/**
* Generates a new random comment key system password.
* @return string   The base64-encoded password.
*/
return base64_encode_safe(random_bytes(SODIUM_CRYPTO_SECRETBOX_KEYBYTES));
}

Easy-peasy! base64_encode_safe isn't a built-in function - it's a utility function I wrote that we'll need later. For consistency, I've used it here too. Here it is, along with its counterpart:

/**
* Encodes the given data with base64, but replaces characters that could
* get mangled in transit with safer equivalents.
* @param   mixed   $data The data to encode. * @return string The data, encoded as transmit-safe base64. */ function base64_encode_safe($data) {
return str_replace(["/", "+"], ["-", "_"], base64_encode($data)); } /** * Decodes data encoded with base64_encode_safe(). * @param mixed$base64     The data to decode.
* @return  string  The data, decoded from transmit-safe base64.
*/
function base64_decode_safe($base64) { return base64_decode(str_replace(["-", "_"], ["/", "+"],$base64));
}

With that taken care of, we can look at the other requirement: a nonce. Standing for Number used ONCE, it's a sequence of random bytes that's used by the encryption algorithm. We don't need to keep it a secret, but we do need to to decrypt the data again at the other end, in addition to the password - and we do need to ensure that we generate a new one for every comment key. Thankfully, this is also easy to do in a similar manner to generating a password:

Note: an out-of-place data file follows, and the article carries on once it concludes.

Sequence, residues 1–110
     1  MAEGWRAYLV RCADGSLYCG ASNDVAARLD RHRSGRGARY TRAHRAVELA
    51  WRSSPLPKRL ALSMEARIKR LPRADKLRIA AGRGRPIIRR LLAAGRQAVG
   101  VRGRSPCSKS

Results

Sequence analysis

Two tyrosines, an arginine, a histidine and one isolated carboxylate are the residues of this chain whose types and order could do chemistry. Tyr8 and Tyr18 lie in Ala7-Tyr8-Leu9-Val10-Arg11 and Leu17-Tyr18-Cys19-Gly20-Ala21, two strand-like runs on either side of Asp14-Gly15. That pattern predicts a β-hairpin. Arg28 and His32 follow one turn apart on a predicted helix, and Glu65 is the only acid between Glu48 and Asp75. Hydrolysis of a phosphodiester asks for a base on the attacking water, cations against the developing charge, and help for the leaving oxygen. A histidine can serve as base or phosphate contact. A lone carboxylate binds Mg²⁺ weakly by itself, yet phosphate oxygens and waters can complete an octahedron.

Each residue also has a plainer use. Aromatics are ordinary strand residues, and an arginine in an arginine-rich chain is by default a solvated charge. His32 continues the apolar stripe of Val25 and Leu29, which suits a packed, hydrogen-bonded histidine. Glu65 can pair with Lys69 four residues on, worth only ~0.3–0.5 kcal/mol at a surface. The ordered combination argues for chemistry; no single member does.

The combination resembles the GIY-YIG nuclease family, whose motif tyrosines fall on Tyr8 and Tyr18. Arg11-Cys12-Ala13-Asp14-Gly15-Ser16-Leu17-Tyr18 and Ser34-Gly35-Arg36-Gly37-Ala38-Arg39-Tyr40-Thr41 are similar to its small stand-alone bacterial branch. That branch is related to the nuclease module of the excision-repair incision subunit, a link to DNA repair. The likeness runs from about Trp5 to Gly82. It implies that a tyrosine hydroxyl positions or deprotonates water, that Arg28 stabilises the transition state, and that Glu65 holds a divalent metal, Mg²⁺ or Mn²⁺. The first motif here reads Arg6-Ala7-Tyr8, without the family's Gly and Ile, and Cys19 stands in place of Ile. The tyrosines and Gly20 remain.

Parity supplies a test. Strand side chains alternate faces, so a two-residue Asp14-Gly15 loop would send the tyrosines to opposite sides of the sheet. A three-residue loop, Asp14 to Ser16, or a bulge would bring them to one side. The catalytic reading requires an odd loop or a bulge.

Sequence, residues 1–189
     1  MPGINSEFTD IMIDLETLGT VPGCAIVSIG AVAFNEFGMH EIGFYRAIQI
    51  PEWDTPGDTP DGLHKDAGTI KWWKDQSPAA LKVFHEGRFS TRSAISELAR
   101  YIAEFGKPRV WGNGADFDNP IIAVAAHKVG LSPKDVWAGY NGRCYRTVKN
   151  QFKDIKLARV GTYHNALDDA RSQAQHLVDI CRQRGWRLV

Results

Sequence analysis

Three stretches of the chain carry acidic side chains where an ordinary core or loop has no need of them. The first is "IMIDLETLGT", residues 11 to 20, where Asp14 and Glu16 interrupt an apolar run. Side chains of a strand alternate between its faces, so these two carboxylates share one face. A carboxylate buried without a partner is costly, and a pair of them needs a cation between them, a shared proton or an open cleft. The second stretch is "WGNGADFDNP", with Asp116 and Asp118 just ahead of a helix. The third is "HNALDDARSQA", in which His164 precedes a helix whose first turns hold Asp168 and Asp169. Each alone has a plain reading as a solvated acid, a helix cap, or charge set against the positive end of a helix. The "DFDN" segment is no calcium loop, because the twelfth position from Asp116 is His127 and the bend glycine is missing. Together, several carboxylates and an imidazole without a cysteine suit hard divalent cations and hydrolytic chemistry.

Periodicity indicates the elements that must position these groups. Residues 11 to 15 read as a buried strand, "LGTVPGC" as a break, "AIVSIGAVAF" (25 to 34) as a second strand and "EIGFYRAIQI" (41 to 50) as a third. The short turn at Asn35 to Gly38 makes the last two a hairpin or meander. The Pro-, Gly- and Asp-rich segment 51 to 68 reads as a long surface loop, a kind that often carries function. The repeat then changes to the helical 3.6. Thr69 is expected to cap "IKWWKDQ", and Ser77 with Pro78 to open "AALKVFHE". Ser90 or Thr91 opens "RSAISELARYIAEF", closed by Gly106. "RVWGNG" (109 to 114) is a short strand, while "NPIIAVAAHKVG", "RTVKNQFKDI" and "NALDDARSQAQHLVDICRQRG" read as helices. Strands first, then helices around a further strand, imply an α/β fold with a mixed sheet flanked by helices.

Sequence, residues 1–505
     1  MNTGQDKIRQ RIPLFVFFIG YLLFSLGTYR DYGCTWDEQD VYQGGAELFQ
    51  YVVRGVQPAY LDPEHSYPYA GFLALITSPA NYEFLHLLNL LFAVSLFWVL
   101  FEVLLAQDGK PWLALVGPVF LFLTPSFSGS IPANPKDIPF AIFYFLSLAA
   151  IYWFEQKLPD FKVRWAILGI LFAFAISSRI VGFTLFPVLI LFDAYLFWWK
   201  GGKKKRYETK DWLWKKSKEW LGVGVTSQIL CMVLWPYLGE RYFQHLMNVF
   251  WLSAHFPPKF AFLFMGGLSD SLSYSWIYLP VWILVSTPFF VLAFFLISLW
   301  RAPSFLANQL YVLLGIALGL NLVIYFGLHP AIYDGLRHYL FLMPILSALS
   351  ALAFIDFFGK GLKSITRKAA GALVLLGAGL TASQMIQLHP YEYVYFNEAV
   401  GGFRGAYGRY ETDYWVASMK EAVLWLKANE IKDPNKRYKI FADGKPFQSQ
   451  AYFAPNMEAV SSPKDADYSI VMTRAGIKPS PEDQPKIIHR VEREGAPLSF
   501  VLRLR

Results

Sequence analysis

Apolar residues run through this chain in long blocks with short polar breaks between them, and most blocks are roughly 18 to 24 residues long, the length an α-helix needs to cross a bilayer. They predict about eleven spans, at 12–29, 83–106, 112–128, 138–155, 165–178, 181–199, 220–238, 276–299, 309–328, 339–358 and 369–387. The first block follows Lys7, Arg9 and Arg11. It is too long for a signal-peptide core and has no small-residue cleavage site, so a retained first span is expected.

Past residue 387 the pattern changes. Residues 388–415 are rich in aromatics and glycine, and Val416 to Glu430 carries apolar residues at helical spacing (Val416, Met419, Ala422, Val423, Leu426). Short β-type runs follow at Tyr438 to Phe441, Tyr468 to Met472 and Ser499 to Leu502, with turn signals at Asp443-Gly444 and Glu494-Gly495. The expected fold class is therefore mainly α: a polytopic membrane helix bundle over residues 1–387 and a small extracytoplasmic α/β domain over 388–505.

$nonce = random_bytes(SODIUM_CRYPTO_SECRETBOX_NONCEBYTES); With everything in place, we can look at upgrading the comment key generator itself. It looks much simpler now: /** * Generates a new comment key. * Note that the 'encryption' used is not secure - it's just simple XOR! * It's mainly to better support verification in complex setups and * serve as a nother annoying hurdle for spammers. * @param string$pass The password to encrypt with. Should be a base64-encoded string from key_generate_password().
* @return string       A new comment key stamped at the current time.
*/
function key_generate($pass) {$pass = base64_decode_safe($pass);$nonce = random_bytes(SODIUM_CRYPTO_SECRETBOX_NONCEBYTES);